DALLAS (August 27, 2001) -– Pacemakers and other implanted heart devices prolong the lives of people with heart rhythm problems. However, if an individual with one of these devices develops a staph infection it could pose a potentially life-threatening danger, researchers report in today’s Circulation: Journal of the American Heart Association.
This study is believed to be the largest prospective evaluation of individuals with permanent pacemakers or implantable cardioverter-defibrillators (ICDs) who have Staphylococcus aureus bacteremia (staph infection in the blood). A pacemaker is a small, battery-operated device that helps the heart beat in a regular rhythm. An ICD monitors heart rhythm and delivers electric shocks to correct abnormal rhythms.
“If a patient has an implanted cardiac device and develops a Staphylococcus aureus infection, the patient’s physicians should be worried that the device is infected,” says Anna Lisa Chamis, M.D., a cardiology fellow at Duke University Medical Center in Durham, N.C. “Our data suggest that if the infection occurs within one year of implantation, the device ends up being infected in about three-fourths of the cases. The major new finding is that the majority of the device infections showed no obvious signs.”
In this study, most of the staph infections did not originate with the device. The most common cause was a tissue infection originating in another part of the body that then spread to the heart device. However, the heart device was thought to cause the staph infection in 18 percent of cases.
Cardiac device infection carries a high risk of serious illness and death. Previous studies have shown that it occurs in up to 20 percent of permanent pacemakers and up to 1.3 percent of ICDs. According to the American Heart Association Heart and Stroke Statistical Update, in 1998 (the most recent statistics available) there were 26,000 ICD procedures and 170,000 pacemaker procedures.
Chamis and her associates evaluated 33 individuals with cardiac pacemakers or defibrillators who had staph infections. In each case, systemic infection was documented by blood tests. The infection had spread to the device in almost half (15) of the cases.
In some cases, device infection will produce redness, inflammation, abnormal growths or deposits on the device or its lead wire. Some of these can be detected by echocardiography, a procedure that produces images from sound waves bounced off the heart. In the absence of obvious signs of infection, blood tests can confirm a staph infection and help guide the decision to remove an implanted device.
The researchers found that 60 percent of the infected devices showed no obvious signs such as redness or pain in the tissues covering the implanted device. Device infection was confirmed only after it was removed for inspection.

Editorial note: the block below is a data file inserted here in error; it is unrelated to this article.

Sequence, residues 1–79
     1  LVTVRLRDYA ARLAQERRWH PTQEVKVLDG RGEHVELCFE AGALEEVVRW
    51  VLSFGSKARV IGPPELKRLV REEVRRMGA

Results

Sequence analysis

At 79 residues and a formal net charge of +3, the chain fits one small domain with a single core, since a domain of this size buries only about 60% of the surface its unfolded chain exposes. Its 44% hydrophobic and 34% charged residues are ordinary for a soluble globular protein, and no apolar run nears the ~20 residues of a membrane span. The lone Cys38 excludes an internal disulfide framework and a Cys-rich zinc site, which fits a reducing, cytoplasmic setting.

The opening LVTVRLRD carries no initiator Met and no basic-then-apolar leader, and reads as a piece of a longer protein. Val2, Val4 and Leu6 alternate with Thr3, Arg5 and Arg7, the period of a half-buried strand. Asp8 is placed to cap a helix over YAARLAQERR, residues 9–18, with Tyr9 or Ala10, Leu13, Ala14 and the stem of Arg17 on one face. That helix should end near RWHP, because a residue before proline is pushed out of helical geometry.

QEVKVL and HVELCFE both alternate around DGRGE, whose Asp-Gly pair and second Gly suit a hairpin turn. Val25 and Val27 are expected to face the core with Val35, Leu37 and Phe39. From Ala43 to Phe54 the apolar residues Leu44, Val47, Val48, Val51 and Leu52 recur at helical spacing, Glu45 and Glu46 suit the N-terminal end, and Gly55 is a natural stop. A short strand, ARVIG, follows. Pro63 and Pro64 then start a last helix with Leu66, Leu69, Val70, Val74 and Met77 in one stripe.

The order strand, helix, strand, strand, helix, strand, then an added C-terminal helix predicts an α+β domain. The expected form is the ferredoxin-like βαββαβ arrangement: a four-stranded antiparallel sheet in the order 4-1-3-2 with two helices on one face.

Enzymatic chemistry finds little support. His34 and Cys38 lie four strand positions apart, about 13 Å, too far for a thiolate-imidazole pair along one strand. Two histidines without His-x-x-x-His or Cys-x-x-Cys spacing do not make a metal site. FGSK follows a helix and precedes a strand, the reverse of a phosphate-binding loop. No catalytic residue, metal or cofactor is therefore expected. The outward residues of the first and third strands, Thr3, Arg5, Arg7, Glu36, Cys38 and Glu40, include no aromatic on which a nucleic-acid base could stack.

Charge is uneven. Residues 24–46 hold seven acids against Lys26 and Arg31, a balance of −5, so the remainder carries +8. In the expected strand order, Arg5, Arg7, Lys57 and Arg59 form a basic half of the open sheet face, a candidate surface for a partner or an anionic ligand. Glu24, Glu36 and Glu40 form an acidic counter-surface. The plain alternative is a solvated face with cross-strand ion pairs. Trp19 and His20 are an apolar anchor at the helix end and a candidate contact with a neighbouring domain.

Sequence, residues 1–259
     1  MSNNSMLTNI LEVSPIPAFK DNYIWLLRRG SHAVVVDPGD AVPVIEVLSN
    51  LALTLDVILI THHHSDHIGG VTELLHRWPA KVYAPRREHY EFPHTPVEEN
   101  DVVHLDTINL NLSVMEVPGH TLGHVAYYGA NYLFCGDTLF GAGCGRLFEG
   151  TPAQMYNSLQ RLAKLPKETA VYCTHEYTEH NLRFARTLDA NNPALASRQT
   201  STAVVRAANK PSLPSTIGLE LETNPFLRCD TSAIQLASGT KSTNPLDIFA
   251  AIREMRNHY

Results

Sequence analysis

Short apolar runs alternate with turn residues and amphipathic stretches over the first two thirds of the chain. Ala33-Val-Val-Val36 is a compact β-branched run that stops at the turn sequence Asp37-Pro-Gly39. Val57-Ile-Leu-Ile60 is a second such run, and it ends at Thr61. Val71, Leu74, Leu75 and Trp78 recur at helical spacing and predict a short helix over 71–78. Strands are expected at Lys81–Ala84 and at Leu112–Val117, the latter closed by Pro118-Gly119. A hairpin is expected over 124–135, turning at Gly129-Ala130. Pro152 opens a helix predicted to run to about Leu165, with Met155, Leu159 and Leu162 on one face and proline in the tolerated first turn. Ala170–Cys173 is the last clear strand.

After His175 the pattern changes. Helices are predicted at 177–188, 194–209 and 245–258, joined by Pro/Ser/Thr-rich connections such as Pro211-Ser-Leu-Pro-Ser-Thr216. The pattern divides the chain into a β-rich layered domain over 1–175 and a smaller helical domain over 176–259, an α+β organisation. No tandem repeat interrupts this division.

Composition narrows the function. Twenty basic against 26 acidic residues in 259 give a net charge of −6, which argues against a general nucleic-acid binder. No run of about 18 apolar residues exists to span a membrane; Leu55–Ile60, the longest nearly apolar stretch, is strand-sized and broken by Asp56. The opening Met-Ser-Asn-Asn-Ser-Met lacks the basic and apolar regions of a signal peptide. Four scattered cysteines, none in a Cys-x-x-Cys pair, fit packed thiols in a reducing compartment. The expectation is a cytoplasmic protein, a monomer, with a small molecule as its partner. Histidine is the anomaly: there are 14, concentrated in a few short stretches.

Cardiac device infection can be treated by removing the device or by administering antibiotics. However, patients who did not have the devices removed were more likely to die, says Chamis. Removing the device and implanting a replacement is a major surgical procedure, therefore, accurate documentation of infection is essential to avoid unnecessary surgery, according to the researchers.
The findings also showed that 12 of 33 staph infections occurred within a year of device implantation, defined as early infection. Nine of these early infections involved the device. The remaining 21 cases occurred a year or more after device implantation, termed late infection. In six of these cases a device infection was confirmed, and nine others had suspected device involvement.
The researchers conclude that early staph infection carries a high probability of cardiac device involvement. With late infection the device is unlikely to be the initial source of bacteria in the blood, and few signs of device involvement occur. However, the study showed that the device was involved in at least 28 percent of late infections.
Therefore, the researchers support the removal of cardiac devices among most patients who develop staph infection, whether device infection is confirmed or not. Whether the findings apply to infections other than those caused by Staphylococcus aureus is unclear, says Chamis. However, the results probably do apply to other types of implantable devices.
“Other groups have shown that infections, including this specific type of infection, occur in prosthetic joints at rates similar to what we observed,” she says. “Catheters that remain in place in the body and other more permanent types of intravenous devices also have been studied, and similar rates of infection have been reported.”
Co-authors of the study include Gail E. Peterson, M.D.; Christopher H. Cabell, M.D.; G. Ralph Corey, M.D.; Robert A. Sorrentino, M.D.; Ruth Ann Greenfield, M.D.; Thomas Ryan, M.D.; L. Barth Reller, M.D.; and Vance G. Fowler, Jr., M.D.
The research was funded by the National Institutes of Health.
The above post is reprinted from materials provided by American Heart Association. Note: Materials may be edited for content and length.
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